So let’s, we’re talking about that today. We’re gonna talk about fighting fair because I think you’re not alone. I mean, you think that what you’re describing kit in those early years of marriage or of having kids where you’re like hiding the closet, there’s this, this sense of like, we don’t want to fight for the kids because fill in the blank. Fighting is bad, Huh? And marriages. And so this podcast is specifically for husbands and wives. But listen, if you’re not married, this is about relationships too. So we are talking about marriage, but listen in because this is true. I think a lot of us feel like fighting is a bad thing if we’re fighting, it’s already a defeat. And that’s so untrue, I think. I think Christians can have us kind of an especially faulty view of that. Like we’re supposed to be living in harmony.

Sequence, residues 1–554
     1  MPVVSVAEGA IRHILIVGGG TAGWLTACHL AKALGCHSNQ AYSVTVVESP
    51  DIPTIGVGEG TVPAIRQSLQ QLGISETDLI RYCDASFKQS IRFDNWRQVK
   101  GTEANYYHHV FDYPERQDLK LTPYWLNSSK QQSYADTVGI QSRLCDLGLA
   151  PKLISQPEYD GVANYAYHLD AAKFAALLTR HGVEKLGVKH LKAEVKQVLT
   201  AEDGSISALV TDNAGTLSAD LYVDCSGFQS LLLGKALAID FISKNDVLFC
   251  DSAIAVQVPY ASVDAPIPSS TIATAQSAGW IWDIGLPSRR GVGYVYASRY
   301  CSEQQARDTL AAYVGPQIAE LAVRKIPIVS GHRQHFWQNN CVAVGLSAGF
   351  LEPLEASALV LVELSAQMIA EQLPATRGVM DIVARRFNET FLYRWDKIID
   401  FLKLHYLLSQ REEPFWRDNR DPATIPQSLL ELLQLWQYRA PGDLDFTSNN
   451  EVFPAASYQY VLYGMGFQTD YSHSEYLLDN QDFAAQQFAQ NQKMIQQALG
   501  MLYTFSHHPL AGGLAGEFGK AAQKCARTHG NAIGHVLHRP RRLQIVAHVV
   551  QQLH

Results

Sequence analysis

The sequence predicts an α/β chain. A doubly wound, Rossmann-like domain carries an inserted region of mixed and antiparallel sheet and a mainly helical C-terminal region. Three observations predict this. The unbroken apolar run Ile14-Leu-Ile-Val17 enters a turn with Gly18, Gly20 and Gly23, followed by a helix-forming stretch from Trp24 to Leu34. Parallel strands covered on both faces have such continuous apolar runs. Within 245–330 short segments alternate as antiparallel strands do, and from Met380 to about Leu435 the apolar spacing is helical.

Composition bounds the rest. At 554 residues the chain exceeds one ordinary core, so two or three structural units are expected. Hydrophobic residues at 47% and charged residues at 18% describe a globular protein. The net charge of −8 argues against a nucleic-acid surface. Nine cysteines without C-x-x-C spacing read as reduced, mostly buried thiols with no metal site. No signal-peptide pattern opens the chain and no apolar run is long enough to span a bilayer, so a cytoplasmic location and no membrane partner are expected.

Josh: 02:09
But the reality is that Jesus, Jesus had fights. Yeah, he disagreed. He argued with his disciples. He was, I mean it’s recorded in the gospels. The disciples wrote it down. There’s a, there’s good that can come out of arguing. So we’re gonna talk about that. So let’s start off with this though. What do you think Kit? Like why do we think it’s bad? Like what’s, what is the kind of that innate sense in us that we’re like, ah, this is a bad thing. We don’t, we don’t want, we don’t want to go there. What are we afraid of? What do we not like about it?

Kit: 02:38